Joy Division Album Reviews
Joy Division were one of several prominent bands who were inspired by the Sex Pistols’ famous 1976 gig in Manchester – members of The Buzzcocks, The Fall, The Smiths, and Simply Red were also in attendance. Joy Division started as a generic punk band, but producer Martin Hannett was instrumental in shaping them, drenching them in reverb and bringing out the most chilling aspects of their sound, creating post-punk masterpieces.
Having said that, Joy Division already had a unique sound – Peter Hook’s bass was the dominant instrument, often played in the high registers and creating the melodic interest, while Bernard Sumner’s guitar threw out shards of noise. Stephen Morris’ drums were machine-like and efficient, while Ian Curtis was most arresting of all, with his doom-laden and chilling lyrics and vocals.
The group only made two studio albums before Curtis’ suicide; both are excellent, each with its own distinct flavour. The compilation Substance collects the material from their non-album singles – while it’s less consistent than their studio albums, it collates some of their most essential material.
Joy Division’s appeal has persisted – near where I live, on the other side of the world from Manchester, there’s a famous Ian Curtis wall.
After Curtis’ death, the group promoted Sumner to lead vocalist, bought in Morris’ girlfriend Gillian Gilbert as keyboard player, and re-branded as New Order. There’s certainly a distance between Joy Division pieces like ‘Atmosphere’ and New Order’s 1989 football anthem ‘World In Motion’, even through both group’s share common musical elements.
Joy Division’s debut Unknown Pleasures documents an uneasy reconciliation between the punk inspired aggression of Joy Division’s live show and previous recordings as Warsaw, and the glassy, ominous sound from producer Martin Hannett. With the gloominess and foreboding in Ian Curtis’ lyrics, the pairing of Hannett’s atmospheric production with Joy Division proved inspired, creating a landmark debut. All the members show their distinctive styles; opener ‘Disorder’ showcases Stephen Morris’ robotic drumming, guitarist Bernard Sumner utilises a synthesizer of the foreboding closer ‘I Remember Nothing’, and Hook’s bass is the lead instrument. But Ian Curtis is the star, and the reverb-drenched austerity puts the spotlight on his chilling vocals.
The strongest tracks are ‘She’s Lost Control’ and the dramatic closer ‘I Remember Nothing’, autobiographical tales from Curtis about epilepsy and his failing marriage. The album version of ‘She’s Lost Control’ is substantially more intense and superior to the single version featured on Substance.
Unknown Pleasures is a very strong debut, a chilling mixture of punk and atmosphere.
Unknown Pleasures was bleak, but Closer is even more stark and unsettling. The difference largely comes from the slower songs – while most of Unknown Pleasures was uptempo, Closer features songs that are slow and mournful, and Curtis’ vocal style has shifted to an affected baritone. His suicide before the album’s release has only enhanced its reputation as a significant record.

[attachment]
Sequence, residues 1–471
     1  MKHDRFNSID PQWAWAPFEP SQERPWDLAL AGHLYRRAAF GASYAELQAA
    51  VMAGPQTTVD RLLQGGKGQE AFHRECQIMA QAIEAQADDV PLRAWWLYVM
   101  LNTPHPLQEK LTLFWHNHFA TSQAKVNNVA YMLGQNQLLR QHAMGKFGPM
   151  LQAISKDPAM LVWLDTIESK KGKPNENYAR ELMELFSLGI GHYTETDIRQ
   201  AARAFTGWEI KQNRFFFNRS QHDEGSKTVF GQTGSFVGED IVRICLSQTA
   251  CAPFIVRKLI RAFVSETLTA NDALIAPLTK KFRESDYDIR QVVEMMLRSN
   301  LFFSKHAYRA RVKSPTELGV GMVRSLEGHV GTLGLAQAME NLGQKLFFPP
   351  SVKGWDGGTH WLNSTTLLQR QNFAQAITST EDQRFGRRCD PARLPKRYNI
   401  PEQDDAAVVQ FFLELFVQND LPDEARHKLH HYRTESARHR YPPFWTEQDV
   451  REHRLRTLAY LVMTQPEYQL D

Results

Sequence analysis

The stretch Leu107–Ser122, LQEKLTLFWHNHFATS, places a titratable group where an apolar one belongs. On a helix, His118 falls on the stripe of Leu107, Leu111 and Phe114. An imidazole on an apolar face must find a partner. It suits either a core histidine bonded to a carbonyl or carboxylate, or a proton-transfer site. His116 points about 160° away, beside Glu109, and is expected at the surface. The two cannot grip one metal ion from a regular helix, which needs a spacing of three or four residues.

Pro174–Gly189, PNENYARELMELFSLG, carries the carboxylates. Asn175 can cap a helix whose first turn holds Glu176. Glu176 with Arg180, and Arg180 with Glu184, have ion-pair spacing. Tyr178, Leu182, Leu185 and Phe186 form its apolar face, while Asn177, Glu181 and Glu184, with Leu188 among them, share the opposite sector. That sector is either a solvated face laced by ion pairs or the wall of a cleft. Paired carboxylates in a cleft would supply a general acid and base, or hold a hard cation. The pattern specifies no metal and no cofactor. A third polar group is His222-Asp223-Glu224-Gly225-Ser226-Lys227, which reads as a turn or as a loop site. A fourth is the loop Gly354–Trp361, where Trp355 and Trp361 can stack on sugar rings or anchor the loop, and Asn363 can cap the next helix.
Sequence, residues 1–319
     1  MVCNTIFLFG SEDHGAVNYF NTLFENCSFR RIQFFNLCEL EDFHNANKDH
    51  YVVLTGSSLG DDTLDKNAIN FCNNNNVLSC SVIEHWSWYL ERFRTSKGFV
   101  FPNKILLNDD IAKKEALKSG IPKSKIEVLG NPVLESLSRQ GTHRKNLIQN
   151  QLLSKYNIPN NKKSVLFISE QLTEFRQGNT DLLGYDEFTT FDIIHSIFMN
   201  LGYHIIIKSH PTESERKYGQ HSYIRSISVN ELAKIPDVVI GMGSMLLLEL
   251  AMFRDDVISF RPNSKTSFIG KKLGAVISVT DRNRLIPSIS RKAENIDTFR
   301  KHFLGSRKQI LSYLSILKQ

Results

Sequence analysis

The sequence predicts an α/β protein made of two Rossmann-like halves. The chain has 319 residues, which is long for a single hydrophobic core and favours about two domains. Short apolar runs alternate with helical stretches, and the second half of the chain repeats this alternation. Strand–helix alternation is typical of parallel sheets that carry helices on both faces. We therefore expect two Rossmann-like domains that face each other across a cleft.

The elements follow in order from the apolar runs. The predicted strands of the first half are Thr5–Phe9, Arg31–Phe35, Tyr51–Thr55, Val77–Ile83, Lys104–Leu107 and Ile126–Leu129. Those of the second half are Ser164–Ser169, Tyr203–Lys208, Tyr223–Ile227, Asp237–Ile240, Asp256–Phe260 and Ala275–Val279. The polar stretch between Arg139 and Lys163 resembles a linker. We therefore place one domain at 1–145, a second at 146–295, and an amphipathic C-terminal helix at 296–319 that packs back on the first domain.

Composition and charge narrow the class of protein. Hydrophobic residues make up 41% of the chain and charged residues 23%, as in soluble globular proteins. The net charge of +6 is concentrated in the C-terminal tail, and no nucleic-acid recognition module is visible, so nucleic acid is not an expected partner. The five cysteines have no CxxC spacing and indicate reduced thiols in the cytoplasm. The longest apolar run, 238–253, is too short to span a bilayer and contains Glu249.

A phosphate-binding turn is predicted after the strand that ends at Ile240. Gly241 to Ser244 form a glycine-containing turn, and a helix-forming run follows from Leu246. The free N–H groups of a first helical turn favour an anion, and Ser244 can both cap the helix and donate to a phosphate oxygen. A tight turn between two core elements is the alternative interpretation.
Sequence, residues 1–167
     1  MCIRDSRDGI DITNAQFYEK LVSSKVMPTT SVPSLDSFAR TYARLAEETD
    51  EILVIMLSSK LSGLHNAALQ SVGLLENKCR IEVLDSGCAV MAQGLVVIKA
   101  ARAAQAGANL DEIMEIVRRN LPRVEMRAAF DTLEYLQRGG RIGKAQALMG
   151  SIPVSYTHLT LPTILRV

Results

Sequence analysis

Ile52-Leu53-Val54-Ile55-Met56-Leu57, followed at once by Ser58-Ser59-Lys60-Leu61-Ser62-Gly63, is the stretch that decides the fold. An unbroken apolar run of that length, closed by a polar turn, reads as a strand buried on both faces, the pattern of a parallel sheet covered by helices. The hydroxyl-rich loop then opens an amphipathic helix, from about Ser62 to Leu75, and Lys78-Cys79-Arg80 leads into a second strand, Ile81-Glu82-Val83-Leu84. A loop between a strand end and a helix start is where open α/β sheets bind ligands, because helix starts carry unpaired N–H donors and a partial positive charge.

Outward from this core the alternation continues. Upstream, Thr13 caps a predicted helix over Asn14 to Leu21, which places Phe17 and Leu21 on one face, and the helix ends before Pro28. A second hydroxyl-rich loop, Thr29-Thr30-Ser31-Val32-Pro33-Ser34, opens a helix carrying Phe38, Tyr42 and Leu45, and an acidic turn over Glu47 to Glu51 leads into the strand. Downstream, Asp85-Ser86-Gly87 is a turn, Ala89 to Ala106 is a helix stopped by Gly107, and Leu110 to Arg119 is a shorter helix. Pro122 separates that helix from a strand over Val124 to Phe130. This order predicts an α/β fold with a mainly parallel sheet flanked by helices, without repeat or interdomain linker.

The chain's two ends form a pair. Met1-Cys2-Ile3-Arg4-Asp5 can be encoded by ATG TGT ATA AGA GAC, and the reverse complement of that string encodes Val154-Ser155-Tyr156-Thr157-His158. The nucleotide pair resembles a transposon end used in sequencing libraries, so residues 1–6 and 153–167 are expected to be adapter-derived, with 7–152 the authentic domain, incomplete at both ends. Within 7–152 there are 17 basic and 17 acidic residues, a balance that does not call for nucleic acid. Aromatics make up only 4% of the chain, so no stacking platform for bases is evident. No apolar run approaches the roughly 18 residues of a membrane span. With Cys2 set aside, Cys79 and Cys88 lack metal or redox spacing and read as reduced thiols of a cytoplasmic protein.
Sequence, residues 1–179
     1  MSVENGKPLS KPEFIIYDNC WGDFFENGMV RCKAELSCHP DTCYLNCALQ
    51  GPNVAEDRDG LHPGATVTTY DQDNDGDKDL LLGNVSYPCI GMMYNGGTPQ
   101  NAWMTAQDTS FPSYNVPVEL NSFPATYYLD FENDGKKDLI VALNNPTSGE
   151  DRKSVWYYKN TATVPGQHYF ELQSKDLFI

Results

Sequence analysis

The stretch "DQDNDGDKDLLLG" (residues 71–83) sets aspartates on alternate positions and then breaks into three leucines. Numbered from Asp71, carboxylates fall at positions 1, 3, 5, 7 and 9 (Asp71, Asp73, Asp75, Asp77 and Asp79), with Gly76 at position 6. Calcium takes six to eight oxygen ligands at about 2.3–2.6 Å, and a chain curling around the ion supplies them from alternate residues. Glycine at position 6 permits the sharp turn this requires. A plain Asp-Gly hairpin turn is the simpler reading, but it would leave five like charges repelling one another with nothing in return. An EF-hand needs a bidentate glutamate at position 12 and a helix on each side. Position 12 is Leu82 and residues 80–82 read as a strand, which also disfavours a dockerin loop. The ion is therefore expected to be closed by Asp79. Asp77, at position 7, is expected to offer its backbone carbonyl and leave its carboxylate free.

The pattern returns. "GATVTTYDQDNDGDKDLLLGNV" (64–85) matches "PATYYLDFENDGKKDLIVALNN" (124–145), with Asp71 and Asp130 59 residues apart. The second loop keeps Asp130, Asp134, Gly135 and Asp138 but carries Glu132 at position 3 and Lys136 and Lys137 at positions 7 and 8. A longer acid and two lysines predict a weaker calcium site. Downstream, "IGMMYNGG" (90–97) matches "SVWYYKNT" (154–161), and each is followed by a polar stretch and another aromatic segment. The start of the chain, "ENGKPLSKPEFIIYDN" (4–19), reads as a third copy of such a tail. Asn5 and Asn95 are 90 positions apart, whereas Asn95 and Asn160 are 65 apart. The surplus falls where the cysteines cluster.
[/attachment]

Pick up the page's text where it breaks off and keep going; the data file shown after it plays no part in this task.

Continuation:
A lot of the emotional heft of Closer comes from the final two songs – ‘The Eternal’ and ‘Decades’. ‘The Eternal’ is punctuated by a simple piano figure, while ‘Decades’ is anchored by Hook’s lead bass lines, but both are melodic and stately. The best song, however, is the driving ‘Twenty Four Hours’. Elsewhere, ‘Passover’ is another beautiful tune, while the refrain “Heart and soul, one will burn” is deeply unsettling.
It’s emotionally unsettling, but Closer is a surprisingly gorgeous album, successfully fusing beauty to Joy Division’s omnipresent intensity.
Substance is a compilation of the non-album singles and EPs released by Joy Division during their three year history. It has very little crossover with the two studio albums – the only track in common is an inferior version of Unknown Pleasures‘ ‘She’s Lost Control’.
Substance begins with the An Ideal For Living EP, which captures Joy Division before Martin Hannett got hold of them; documenting them as a punk band rather than the post-punk outfit they’d become. As a collection, it’s less consistent than their studio albums, but it contains some of their most notable tracks. ‘Transmission’ was Joy Division’s first single, released between Unknown Pleasures and Closer, while Licht und Blindheit featured atmosphere and the driving ‘Dead Souls’. ‘Love Will Tear Us Apart’ is perhaps the band’s best known song, with its synthesiser hook.
It’s uneven, but Substance is a very good appendix to Joy Division’s studio albums, rounding up some of their best work.
Ten Favourite Joy Division Songs
Twenty Four Hours
She’s Lost Control
Love Will Tear Us Apart
I Remember Nothing